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Arlington, Va.—The National Alliance on Mental Illness (NAMI) is providing a new dimension to its Hearts & Minds initiative, an educational program that promotes "mind and body" health practices for individuals who live with mental illness.
A new "Mindfulness" section on NAMI’s Hearts and Minds website includes a 10-minute video of guided mediation, along with information about other holistic methods to complement medication and therapy and help a person to gain greater control over the recovery process.
Practices covered include basic meditation, guided imagery, yoga and Tai Chi, and creative outlets such as writing, art, music and dance.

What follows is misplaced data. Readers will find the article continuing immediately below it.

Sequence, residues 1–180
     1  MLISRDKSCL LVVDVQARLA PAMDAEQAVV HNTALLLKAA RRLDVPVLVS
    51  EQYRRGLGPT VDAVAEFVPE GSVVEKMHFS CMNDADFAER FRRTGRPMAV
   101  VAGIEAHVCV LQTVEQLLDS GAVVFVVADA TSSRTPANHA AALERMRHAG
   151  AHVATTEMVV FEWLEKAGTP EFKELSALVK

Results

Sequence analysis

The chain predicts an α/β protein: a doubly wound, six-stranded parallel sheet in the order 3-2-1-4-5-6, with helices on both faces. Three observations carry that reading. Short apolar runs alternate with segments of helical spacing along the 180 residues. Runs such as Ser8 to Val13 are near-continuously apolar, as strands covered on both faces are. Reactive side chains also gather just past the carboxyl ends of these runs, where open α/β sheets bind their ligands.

Ed Knight of Colorado Springs says he uses meditation to help control hearing voices and panic attacks: “Without the combination of meditation and medication, I would be in and out of the hospital very frequently. I haven’t had a panic attack in several years and I have ceased to hear voices.”
"Medication and therapy are crucial to recovery, but everyone’s experience is different," said NAMI Executive Director Michael Fitzpatrick. "Hearts and Minds offers a holistic dimension for managing mental illness. Some practices will work for some people, but not for everyone. In the end it comes down to what works for you."
"Outlets for self-awareness exist in every state and local community. They can be pursued individually or in groups. Every outlet can make a contribution to recovery," Fitzpatrick said.
Mental illnesses include major depression, bipolar disorder, schizophrenia and other diagnoses.
NAMI is the nation's largest grassroots mental health organization dedicated to improving the lives of individuals and families affected by mental illness. NAMI has over 1100 state and local affiliates that engage in research, education, support and advocacy.